Night Shyamalan is definitely one of the most well-known filmmakers in the world, but anyone who’s seen his earlier films compared to his most recent releases knows that his notoriety isn’t entirely a good thing. Shyamalan, who was responsible for films like The Sixth Sense and Unbreakable, has in recent years been known more for films that tank at the box office and feel distinctly different than his earlier works. Shyamalan was once known for making movies that tapped into the complexities of the human condition and featured his signature twist endings.
Many people have been decrying Shyamalan as a second-rate filmmaker ever since The Village because viewers began to feel that he was overusing the film convention of the twist ending. Arguably, if the twist ending works, and for many people it did, then Shyamalan should be free to use it, at least as much as he’s able to do it without the ending being too predictable. Stories should be about discovery, and I remember how floored I was to find out that the community of people in The Village were living in an village in modern day, isolated from our modern luxuries and living as if they were in the past. Even if you did know what the twist was before it was revealed, the twist itself wasn’t important. What was important was what it illustrated, which was the deep pain felt by the adults in the village that caused them to want a life away from the corruption of civilization, a place where their children could grow up free from the pain they’d felt.
As a writer and as a moviegoer, I was blown away by The Sixth Sense when it came out. It was this odd mixture of horror and drama, and it worked so well. And it was, of course, the introduction to the twist endings that Shyamalan would go on to become known for. The Sixth Sense was followed by Unbreakable, a film that was strangely about the origin of a reluctant superhero and his arch-nemesis. What made Unbreakable work was the gritty realism of it, which would eventually become the approach Christopher Nolan would take with his Dark Knight trilogy. Signs, the next film produced by Shyamalan was definitely a good movie, though I wasn’t as impressed with it as I was the two before it. And I’ve already mentioned The Village, an emotional drama that felt like a horror movie until you realized it wasn’t.
While The Village seemed to many people where the cracks were beginning to show in the Shyamalan creative empire, I thought it was a deeply thought-provoking story. I still do. And if it had been the first movie released by Shyamalan instead of The Sixth Sense, it wouldn’t have suffered the complaints that Shyamalan was overusing twist endings. It was a beautiful story, and it dug deep to the heart of the human condition when it comes to love, family, and sacrifice. Not to mention fear.
But The Village is where the magic ended. Shyamalan would release Lady in the Water next, a film about a fairy tale creature and an apartment complex full of people with a unique role in protecting the fairy tale. Shyamalan often makes cameo appearances in his movies, but this was the first time he played a significant role. Ironically, he played a writer with the power to shape reality with his words. But the movie was both strange and unappealing. It felt markedly different from previous films, which could have been a good thing, but it just felt like Shyamalan was trying so hard to make a different kind of movie that he embraced the type of story that just felt like it was thrown together by a child with a wild imagination. Don’t get me wrong. Children can come up with great stories, but this one felt like someone grasping for straws on what to write about.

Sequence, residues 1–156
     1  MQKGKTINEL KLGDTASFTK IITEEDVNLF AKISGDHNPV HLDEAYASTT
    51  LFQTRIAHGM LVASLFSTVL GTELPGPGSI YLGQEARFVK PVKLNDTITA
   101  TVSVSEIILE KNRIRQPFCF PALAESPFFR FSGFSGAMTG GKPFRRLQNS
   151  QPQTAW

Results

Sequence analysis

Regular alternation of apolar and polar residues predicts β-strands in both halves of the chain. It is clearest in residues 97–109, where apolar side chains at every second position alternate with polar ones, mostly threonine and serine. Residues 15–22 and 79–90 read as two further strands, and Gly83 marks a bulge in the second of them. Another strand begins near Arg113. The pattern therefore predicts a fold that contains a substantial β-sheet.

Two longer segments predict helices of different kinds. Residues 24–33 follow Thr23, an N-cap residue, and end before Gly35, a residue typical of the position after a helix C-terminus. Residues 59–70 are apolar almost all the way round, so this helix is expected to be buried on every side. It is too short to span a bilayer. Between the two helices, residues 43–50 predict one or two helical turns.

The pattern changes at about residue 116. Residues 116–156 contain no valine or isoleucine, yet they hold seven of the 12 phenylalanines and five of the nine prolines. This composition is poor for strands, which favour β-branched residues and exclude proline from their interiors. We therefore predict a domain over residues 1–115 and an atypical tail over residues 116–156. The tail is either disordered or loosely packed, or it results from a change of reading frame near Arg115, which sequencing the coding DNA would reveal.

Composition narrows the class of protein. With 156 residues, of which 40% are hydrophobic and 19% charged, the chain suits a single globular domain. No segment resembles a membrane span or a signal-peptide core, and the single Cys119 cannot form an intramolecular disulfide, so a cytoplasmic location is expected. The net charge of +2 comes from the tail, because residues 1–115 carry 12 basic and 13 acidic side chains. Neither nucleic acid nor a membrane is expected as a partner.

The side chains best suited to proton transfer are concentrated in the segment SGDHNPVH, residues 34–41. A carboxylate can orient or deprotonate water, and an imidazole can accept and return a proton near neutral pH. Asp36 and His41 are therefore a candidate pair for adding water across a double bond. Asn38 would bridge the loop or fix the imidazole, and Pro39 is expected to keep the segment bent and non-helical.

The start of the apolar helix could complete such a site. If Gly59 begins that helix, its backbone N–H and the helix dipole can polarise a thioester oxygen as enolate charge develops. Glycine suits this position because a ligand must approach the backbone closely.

The Happening was next. What stood out to me about this film was that it was completely absent of any twist. There’s a character early on in the movie that suggests that the plants have turned on humanity and are causing people to take their own lives. And it turns out that his suggestion was spot on. The Happening, while certainly better than Lady in the Water, felt like an agenda-driven movie with no real compelling story to carry it forward.
I never watched The Last Airbender or After Earth. Unfortunately, I just wasn’t an M. Night Shyamalan fan anymore, even though I wanted to be. I remember reading a book about Shyamalan’s struggle to get Lady in the Water made because it was a story he believed it. I’m a writer myself, and I would hope that I would have enough insight to see when a story appeals only to me. For the last few films, it doesn’t seem like it’s been that way for Shyamalan.
But that could change in just a few months. The Visit, Shyamalan’s latest film, releases in September, and a look at the official trailer that was released last week reveals a creepy movie that seems to have the feel of an early Shyamalan film. The Visit is about two children who visit their grandparents for an extended time. Sounds like fun, right? I always loved visiting my grandparents when I was a kid. The trailer feels like a warm family film until the grandfather is telling the children goodnight and that it might be a good idea to not come out of their room after 9:30 p.m.
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The whole tone of the trailer shifts, and it quickly becomes clear that grandma and grandpa are not the sweet old people they seem. Evidently, the grandchildren do go out after 9:30, and that’s when the horror begins. Grandma and grandpa are a terrifying mystery that the grandchildren are desperate to get away from. But, of course, when they contact their mom to come get them, she treats them like they’re being silly. The trailer feels a bit like the Hansel and Gretel story, and it definitely has a creepiness factor.
I don’t know if The Visit will be a return to what made M. Night Shyamalan a great writer and director, but I’m at least intrigued by the trailer to the film in a way that I haven’t been since The Village.